The order of battle is something like this:

General Sabine leads her heavily armed and armored force around south edge of the forest and attacks from there. No way do the Netherese miss that, so they probably send out a response force. When they do and their city is vulnerable, the Iliyanbruen attack from the north in combination. Our Forsworn werewolves keep their werewolves busy, allowing the high elves to penetrate into the city and attack the mythallar directly. Destroy that and the Netherese have no reason to stay in the area. (Well, that’s my reason. The Iliyanbruen are more about damaging what the Lords of Shade prize the most, because they’re vengeance-crazed chuckleheads.)

Meanwhile, Valtha and I lead the Greycloaks into an attack through the Shadowfell. A lot of our troops fought with the Netherese a decade ago, so they know Shadovar tactics and weapons.

Okay, here’s the thing. No one has a good reason for this! The Illiyanbruen aren’t going to get their stuff back, and while vengeance is a noble cause, you want to do it without getting hurt yourself if at all possible. Open battle only favors the human shadow wizards. The Neverwinter troops are letting themselves get carried away by promises of glory and the political machinations of their leaders. The Greycloaks ought to let mercenaries do the dying for them. And the werewolves are killing their own clan.

But it suits my purposes, so I guess they can go ahead and die for this.

The attack in the shadow is rough. We didn’t bring nearly enough troops, and the Netherese are at their strongest. However, there is one welcome result. Marcus and Branwen show up in the middle, having escaped their cells. So they were prisoners there after all. My instincts said so, but I might have been wrong. With backup from those two, we manage to kill or drive off enough Netherese to win a respite.

When we go back to the shadow cells where Marcus was locked up, Valtha tells us that only someone with shadow in their soul can open them. That leaves us in a pickle until Marcus promptly opens them! He pulls out a Waterdhavian official named Stasi Grantham, a Netherese wizard criminal named Dreven, and Felwyn! Not the other one, though. Branwen tells us that Faelar didn’t make it, and she seemed like she’s about to cry.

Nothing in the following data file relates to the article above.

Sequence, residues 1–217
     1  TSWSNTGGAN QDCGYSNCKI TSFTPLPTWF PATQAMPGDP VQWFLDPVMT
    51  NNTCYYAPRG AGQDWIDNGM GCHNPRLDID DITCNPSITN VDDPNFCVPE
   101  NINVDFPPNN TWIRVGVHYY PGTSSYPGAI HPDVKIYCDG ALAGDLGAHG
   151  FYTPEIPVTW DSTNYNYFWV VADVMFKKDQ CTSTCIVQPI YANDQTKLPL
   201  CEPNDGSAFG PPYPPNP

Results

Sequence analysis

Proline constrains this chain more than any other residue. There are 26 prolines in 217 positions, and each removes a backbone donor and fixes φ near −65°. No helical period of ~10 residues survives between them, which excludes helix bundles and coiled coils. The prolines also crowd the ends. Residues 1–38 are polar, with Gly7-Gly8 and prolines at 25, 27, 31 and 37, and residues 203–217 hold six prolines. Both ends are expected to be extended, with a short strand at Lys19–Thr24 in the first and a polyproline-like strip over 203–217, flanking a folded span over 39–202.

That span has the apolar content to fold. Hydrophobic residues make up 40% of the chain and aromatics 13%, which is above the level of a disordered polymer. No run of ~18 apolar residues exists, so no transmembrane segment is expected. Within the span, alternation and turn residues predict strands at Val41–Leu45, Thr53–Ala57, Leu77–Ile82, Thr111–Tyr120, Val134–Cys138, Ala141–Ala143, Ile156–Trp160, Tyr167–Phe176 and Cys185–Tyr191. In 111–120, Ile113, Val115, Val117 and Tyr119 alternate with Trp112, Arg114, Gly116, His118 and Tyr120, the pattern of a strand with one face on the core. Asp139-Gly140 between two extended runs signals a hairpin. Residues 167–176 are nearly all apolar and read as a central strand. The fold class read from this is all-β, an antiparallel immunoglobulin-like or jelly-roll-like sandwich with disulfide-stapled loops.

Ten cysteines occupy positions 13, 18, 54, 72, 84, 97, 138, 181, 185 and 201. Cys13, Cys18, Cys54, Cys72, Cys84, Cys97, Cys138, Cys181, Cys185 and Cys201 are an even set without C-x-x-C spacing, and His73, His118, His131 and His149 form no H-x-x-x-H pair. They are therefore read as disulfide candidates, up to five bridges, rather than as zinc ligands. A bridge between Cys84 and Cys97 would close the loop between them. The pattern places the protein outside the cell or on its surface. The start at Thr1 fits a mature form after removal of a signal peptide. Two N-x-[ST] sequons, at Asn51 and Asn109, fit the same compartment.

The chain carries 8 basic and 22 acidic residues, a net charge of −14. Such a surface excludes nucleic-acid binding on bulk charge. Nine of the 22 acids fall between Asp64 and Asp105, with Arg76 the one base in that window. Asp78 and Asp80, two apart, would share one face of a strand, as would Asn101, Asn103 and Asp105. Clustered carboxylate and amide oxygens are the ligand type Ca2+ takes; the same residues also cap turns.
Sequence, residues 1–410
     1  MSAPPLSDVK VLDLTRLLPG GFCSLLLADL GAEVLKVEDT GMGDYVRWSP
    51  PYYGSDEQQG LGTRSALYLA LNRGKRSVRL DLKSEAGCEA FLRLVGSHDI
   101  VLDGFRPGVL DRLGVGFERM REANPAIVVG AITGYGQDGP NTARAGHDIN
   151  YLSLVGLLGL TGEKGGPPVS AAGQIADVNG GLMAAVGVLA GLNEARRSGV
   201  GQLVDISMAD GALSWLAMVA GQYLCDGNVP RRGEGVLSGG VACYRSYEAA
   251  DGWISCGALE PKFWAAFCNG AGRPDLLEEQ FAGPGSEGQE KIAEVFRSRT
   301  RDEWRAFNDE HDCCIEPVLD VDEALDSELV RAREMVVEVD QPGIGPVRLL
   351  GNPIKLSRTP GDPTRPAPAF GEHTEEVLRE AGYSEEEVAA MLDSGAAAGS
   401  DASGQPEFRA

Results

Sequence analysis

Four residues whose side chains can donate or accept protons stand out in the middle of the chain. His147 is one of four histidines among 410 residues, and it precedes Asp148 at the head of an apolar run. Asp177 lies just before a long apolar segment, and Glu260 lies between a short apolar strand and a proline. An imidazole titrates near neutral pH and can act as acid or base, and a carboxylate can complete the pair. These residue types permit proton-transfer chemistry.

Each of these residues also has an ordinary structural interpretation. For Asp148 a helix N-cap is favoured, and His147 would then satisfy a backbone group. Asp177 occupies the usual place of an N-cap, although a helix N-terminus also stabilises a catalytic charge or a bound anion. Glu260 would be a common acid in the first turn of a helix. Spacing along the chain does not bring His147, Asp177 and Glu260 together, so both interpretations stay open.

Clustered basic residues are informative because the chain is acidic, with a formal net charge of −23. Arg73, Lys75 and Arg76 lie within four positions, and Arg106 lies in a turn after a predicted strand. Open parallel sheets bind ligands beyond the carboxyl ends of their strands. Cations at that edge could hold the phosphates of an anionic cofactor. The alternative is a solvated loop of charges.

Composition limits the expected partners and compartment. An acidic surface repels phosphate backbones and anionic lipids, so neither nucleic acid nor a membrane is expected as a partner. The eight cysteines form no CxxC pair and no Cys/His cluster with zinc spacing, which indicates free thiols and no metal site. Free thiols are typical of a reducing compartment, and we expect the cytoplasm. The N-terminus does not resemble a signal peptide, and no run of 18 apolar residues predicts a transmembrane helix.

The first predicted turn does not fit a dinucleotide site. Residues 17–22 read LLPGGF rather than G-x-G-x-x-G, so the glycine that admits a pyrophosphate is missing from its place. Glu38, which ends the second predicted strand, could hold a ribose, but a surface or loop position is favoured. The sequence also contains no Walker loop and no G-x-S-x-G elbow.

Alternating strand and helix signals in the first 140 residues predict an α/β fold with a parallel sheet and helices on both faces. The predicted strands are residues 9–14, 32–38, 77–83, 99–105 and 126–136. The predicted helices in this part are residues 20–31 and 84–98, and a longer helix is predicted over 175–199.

We don’t have much time to consider, though, as we fight more Shadovar in the temple of Shar and use its shadow crossing to travel back to the Prime Material. Then we retreat off the cliff with the Iliyanbruen.

The end results are mixed. The mythallar was damaged, but not destroyed. The Forsworn camp was overrun by the other Greywolf Uthgardt. The Mintarns took heavy losses, though they put a lot of hurt on the Netherese, too.

And, well, this is the start of a real war and not just a raid. Apparently the peace with Netheril was only ever going to be temporary. Not alliances across Faerûn are kicking in. Most of the western continent is going to be at war on one side or another…

Says a lot about the ancient empire of Netheril that this one pathetic remnant is enough to fight everyone else simultaneously. We really do live in the ruins of greater, older civilizations.

Marcus is typically unhelpful about how he was able to open the cells. I suppose it is possible that Valtha was mistaken. However he shows us his card from the Deck of Many Things, and it has a dark smudge on it that can’t be rubbed off. That does not seem like a good sign…

As we regroup in Sharandar, I meet a high elf called Keyleth Audark who claims descent from the corolonals of ancient Illefarn. We kind of bond over ancient traditions, and I feel like I’ve got a real ally among the Iliyanbruen.

Now back to Neverwinter, to deal with the fallout — but also to celebrate! After all, we won! Didn’t we? I guess I won, as it seems like everyone else paid the price. I feel like that should please me more than it does.